“In 17 years as a head coach, I hired a lot of assistants, and there are assistant coaches that are playbook coaches and there are assistant coaches that think outside the box,” Wannstedt said. “And the difference is a playbook coach can come in from a job — let’s just use Luke and the Green Bay Packers — and he’s with Green Bay and he’s got their playbook and that’s what they want to do with the Bears. And he knows that offense frontward, backward, but that’s basically what he knows and believes.
“Then there’s outside-the-box coaches, which are guys — and I would put Luke in that category — that all of a sudden, for whatever reason, we’ve got to make some changes. To be successful with our guys, we’ve got to make changes. Now, what we can do? We can roll out. We can throw bootlegs. We can put in quarterback runs. We can throw screens to the receivers, the tight end, the running backs.
“I’ve always separated assistant coaches, and the majority of them are playbook assistants. There are very few that are outside-the-box thinkers, and Matt Eberflus, give him credit, he made a great hire with Luke.”
While Getsy worked under Wannstedt for only one season, Wannstedt had a good feeling that Getsy would have quick upward mobility in the coaching business.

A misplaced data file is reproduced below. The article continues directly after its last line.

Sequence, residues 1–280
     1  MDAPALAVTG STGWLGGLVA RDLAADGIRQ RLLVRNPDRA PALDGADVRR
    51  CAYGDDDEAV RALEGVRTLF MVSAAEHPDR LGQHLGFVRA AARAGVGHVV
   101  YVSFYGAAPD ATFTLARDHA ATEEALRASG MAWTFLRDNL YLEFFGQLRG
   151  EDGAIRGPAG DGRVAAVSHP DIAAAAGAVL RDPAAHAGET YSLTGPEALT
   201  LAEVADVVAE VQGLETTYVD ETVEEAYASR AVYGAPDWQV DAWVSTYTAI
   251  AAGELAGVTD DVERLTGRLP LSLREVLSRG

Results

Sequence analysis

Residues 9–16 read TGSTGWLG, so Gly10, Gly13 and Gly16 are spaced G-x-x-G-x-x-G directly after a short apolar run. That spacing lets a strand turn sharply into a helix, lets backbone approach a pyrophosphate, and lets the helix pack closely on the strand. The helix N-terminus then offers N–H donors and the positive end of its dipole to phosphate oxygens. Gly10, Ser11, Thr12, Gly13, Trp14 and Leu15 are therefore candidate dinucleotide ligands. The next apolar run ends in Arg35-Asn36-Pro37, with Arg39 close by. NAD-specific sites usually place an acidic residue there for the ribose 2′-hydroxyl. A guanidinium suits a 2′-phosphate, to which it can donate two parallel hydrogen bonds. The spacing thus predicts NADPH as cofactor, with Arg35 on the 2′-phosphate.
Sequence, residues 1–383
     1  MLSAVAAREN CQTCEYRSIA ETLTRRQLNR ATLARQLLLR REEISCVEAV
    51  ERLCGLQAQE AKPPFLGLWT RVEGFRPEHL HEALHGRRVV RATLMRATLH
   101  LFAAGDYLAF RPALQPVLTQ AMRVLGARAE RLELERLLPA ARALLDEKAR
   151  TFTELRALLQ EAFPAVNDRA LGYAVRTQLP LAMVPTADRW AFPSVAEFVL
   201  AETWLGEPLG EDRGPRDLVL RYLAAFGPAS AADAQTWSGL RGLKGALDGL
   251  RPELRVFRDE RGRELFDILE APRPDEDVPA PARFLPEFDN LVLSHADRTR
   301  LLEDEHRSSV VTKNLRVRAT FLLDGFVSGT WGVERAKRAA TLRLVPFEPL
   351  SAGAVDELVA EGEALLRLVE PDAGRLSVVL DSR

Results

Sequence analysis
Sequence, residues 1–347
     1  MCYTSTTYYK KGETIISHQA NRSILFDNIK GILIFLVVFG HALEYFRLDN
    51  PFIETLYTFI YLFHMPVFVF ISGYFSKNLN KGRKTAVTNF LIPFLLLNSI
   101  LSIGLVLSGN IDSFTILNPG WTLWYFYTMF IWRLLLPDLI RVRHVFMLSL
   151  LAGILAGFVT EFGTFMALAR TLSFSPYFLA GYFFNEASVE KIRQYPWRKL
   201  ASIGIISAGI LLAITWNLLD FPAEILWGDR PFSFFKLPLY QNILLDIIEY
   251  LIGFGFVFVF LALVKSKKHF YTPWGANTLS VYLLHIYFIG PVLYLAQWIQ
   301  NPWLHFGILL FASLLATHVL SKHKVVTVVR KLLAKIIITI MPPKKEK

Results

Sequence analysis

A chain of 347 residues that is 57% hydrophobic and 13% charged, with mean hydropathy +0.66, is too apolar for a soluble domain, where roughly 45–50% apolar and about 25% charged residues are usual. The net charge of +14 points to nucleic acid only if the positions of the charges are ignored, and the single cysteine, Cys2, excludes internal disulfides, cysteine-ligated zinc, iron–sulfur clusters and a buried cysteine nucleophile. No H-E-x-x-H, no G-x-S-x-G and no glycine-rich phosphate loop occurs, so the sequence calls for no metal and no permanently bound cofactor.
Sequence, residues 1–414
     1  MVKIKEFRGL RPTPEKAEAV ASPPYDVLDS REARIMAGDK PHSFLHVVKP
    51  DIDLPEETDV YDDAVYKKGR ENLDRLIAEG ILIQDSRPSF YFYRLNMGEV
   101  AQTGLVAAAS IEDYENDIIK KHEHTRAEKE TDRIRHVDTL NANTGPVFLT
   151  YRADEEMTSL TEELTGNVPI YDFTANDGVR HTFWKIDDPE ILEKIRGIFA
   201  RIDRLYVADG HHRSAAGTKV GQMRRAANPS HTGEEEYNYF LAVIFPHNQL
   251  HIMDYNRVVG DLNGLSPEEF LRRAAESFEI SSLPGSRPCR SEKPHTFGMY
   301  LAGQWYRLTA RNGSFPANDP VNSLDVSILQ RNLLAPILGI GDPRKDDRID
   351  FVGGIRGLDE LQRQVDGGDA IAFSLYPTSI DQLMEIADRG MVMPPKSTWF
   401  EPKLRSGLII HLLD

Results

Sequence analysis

“You could tell, No. 1, that he connected with the players,” Wannstedt said. “No. 2, the guy had ideas, and then No. 3, there was a real respect with Luke that he was not the coordinator, he knew his niche, he could get his points out there and fit in with the staff. I thought he was a great staff guy, which was critical for me.
“He was a great communicator with the players and connected, but he would come up with ideas. He had a real sense of presenting them in the way he could get his point across.”
5. The Bears made another critical special teams error when Cairo Santos missed an extra point wide left.
The miss came after Justin Fields’ 67-yard touchdown run in the fourth quarter put the Bears ahead 30-24. The loss to the Dolphins in Week 9 featured a blocked punt that was returned for a touchdown, the result of a missed block by running back Khalil Herbert. Earlier in the year, rookie Velus Jones had issues with muffed punts.
Now the Bears seem to be taking turns with breakdowns on special teams, and that’s problematic for a team with such a slim margin for error. Santos missed two extra points in the heavy rainstorm during the Week 1 win over the 49ers but has made all 14 of his field-goal attempts this season — including four from 40 to 49 yards and four from 50-plus.
Santos also was penalized for a kickoff that went out of bounds, but the Lions did nothing with the resulting premium field position.
“It didn’t come off right,” Santos said of the missed extra point. “I just have to look at what happened, (look at) myself and make the correction.